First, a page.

Skip to main content

Lawyers ask for respect of Roethlisberger accuser's privacy

ATLANTA -- Attorneys for the woman who accused Pittsburgh Steelers quarterback Ben Roethlisberger of sexual assault said she did the right thing by going to police and asked for privacy in a statement Tuesday.

Atlanta-based attorneys Lee Parks and David Walbert said in the statement released to several media outlets that the woman is assisting police. They said they were hired to advise the woman and her family while police investigate the allegations.

The 20-year-old told police that two-time Super Bowl-winning Roethlisberger, who had been out barhopping with friends, assaulted her early Friday at a nightclub in Milledgeville, Ga. Roethlisberger hasn't been charged.

Alarming development

Ben Roethlisberger isn't guilty of a crime, but a lot can't be ignored since he has been down this road before with accusations, Vic Carucci writes.

"Their daughter has done the right thing and reported this matter to the police," reads the statement released by the attorneys' Atlanta law firm, Parks, Chesin & Walbert. "She has been, and will be, available to the authorities to assist them in the criminal investigation. While the matter is under investigation, we ask you to respect her privacy, keep her name out of the press and allow the family space and time to heal."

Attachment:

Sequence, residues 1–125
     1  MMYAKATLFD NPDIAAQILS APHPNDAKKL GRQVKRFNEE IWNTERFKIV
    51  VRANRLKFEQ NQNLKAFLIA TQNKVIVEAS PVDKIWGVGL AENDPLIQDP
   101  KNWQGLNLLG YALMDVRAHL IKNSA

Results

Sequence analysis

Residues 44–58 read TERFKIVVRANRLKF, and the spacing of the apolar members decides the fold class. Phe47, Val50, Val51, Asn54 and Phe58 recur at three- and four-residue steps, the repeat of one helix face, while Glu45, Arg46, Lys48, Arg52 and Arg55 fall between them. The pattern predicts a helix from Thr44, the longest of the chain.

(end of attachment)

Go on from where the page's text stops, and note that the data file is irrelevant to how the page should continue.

Parks and Walbert didn't return calls and e-mails from The Associated Press.

Ed Garland, an attorney for Roethlisberger, has said the quarterback is innocent of any crime.

"The facts show that there was no criminal activity. No sexual assault occurred," Garland said in a statement Monday.

Milledgeville police have said they expect to interview Roethlisberger in the next several days and are planning to take a DNA sample from him.

Roethlisberger, who owns a home about 30 miles north of Milledgeville on Lake Oconee, also is being sued by a woman who claims he raped her in 2008 at a hotel-casino in Lake Tahoe -- an allegation he strongly denies.

Copyright 2010 by The Associated Press

This article has been reproduced in a new format and may be missing content or contain faulty links. Please use the Contact Us link in our site footer to report an issue.